Egypt has now entered into that phase where the political elite seems to apply counterterrorism techniques on peaceful protesters
Egypt enters a new phase that might favour extremists
The bombing of an Egyptian police compound in Mansoura on Tuesday, and the designation of the Muslim Brotherhood as a terrorist organisation by the interim government, mark a turning point for the political crisis in the country. And yet, the authorities do not appear to have the type of forward thinking necessary to prevent Egypt from slipping into a new cycle of terrorism and violence.
The escalation of violence has been ongoing since August 14. There were acts of violence after the removal of Mohammed Morsi from office, but those acts were containable. When the government made the decision to disperse the pro-Morsi sit-ins, which led to the deaths of more than a thousand people, it was predictable that, at some point, there would be acts of terrorism in retaliation. The interior minister himself identified the Mansoura attack as a response to the state’s dispersal of those sit-ins. This does not necessarily mean that the Muslim Brotherhood itself is behind the attack, as the government now seems to claim.
These types of attacks are not the modus operandi of the Brotherhood, and little evidence has been presented to indicate the group is orchestrating such attacks. On the other hand, the accusation that such attacks are simply “false flag operations” carried out by the state to smear the Brotherhood is equally bereft of evidence. Supporters of the Brotherhood-led Anti-Coup Alliance may promote this notion, but to deny that there are pro-Morsi Islamists who may have turned to violence is unhelpful.
There is a third possibility: that non-Brotherhood Islamists have turned to violence. Since Mr Morsi was deposed, there was a distinction being made between such Islamists and the Brotherhood, even from within the Egyptian government. It was not until late November that the ministry of interior claimed to have evidence that the Brotherhood were financing certain terrorist operations.
Yet, on the day of the attack in Mansoura, there appeared to be conflicting messages from the cabinet, with a spokesperson implying that the Brotherhood were to blame while the prime minister downplayed those comments. The government then issued a statement that the radical group Ansar Bayt Al Maqdis claimed responsibility – the army has been battling the group in Sinai for months. The following day, the cabinet issued a statement officially designating the Brotherhood as a terrorist group.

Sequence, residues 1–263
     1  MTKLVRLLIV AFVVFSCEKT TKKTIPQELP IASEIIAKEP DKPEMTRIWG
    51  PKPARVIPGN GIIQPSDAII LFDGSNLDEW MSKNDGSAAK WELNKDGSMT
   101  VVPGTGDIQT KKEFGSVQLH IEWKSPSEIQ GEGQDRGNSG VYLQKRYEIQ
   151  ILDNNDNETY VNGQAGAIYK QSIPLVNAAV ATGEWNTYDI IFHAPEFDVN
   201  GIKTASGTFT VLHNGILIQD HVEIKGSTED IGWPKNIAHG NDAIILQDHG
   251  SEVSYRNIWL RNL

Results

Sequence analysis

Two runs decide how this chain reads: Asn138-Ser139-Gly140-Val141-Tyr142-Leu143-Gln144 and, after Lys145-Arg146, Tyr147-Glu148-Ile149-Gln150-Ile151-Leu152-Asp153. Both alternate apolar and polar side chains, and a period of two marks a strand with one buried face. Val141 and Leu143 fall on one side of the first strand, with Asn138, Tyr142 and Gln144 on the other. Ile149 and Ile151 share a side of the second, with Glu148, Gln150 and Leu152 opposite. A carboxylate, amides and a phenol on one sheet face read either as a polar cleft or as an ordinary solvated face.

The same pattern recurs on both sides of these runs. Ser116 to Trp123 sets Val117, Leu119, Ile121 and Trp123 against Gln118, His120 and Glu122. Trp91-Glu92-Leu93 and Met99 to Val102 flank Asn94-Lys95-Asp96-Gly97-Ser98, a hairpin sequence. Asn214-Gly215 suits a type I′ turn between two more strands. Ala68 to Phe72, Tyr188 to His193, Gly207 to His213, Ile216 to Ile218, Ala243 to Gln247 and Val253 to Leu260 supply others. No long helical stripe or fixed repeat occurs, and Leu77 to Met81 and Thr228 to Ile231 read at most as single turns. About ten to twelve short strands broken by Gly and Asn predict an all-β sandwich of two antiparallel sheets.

This inconsistency harms the government’s credibility, and the designation is not without costs for Egypt. It is one thing for the government to claim that non-Brotherhood Islamists such as Ansar Bayt Al Maqdis were guilty of violence – that group, by all accounts, is a small fringe element of the pro-Morsi camp. And it is quite another to declare that a group that was voted into office only a year ago is a terrorist organisation. While most Egyptians are likely to support the military, even a minority of 15-20 per cent of the population that back Mr Morsi and the Brotherhood is a hugely significant number to describe as “terrorist”.
The country is due to go to the polls to vote on a draft constitution in less than three weeks. The government will have to deal with the real threat of violent attacks on polling stations, which could damage the turnout for such a key vote. The fear of violence is already producing a troubling atmosphere. Naguib Sawiris, a noted businessman and financial backer of one of Egypt’s main non-Islamist parties, has already openly declared support for vigilante violence if Islamists seek to violently disrupt the poll. In response, an official statement from the Anti-Coup Alliance implicated Mr Sawiris in the Mansoura attack, without providing any evidence.
The decision to outlaw the Brotherhood essentially suspends any possibility of a political settlement. The hardening of attitudes, and the demonisation emanating from both sides make it difficult to imagine an Egypt without further political violence in the short and medium term. Any peaceful opposition to the state and the post-Morsi road map is the right of any Egyptian. But given the history of incitement to violence that exists among many of the Brotherhood’s senior leadership, and the national media’s narrative against the group, it will be difficult for it to distinguish itself from those more violent factions that are responsible for terrorist acts – even if it does not share their approach.
While the government increasingly excludes and demonises not only violent Islamist but non-violent and non-Islamist dissent, that only provides radical opponents with the ability to recruit. This will undermine stability and the peace. During the funerals of those who died in Mansoura’s attack, there were attacks against members of the April 6th movement (non-Islamists who are critical of the government), as well as on businesses and property assumingly owned by Brotherhood members. This polarisation is dangerous, and can get a lot worse.
Egypt has now entered into that phase where the political elite seems to apply counterterrorism techniques on peaceful protesters. This makes a focus on law and order even more important. Dissent, when it is not combined with violence, ought to be treated delicately, as opposed to responding with the usual heavy-handed approach. The only beneficiary of this approach, in the end, are violent groups that will exploit such policies for recruitment purposes. Unfortunately, the authorities do not seem to recognise the risks of the path they are taking.
Dr HA Hellyer is an associate fellow at the Royal United Services Institute in London, and the Brookings Institution in Washington DC
On Twitter: @hahellyer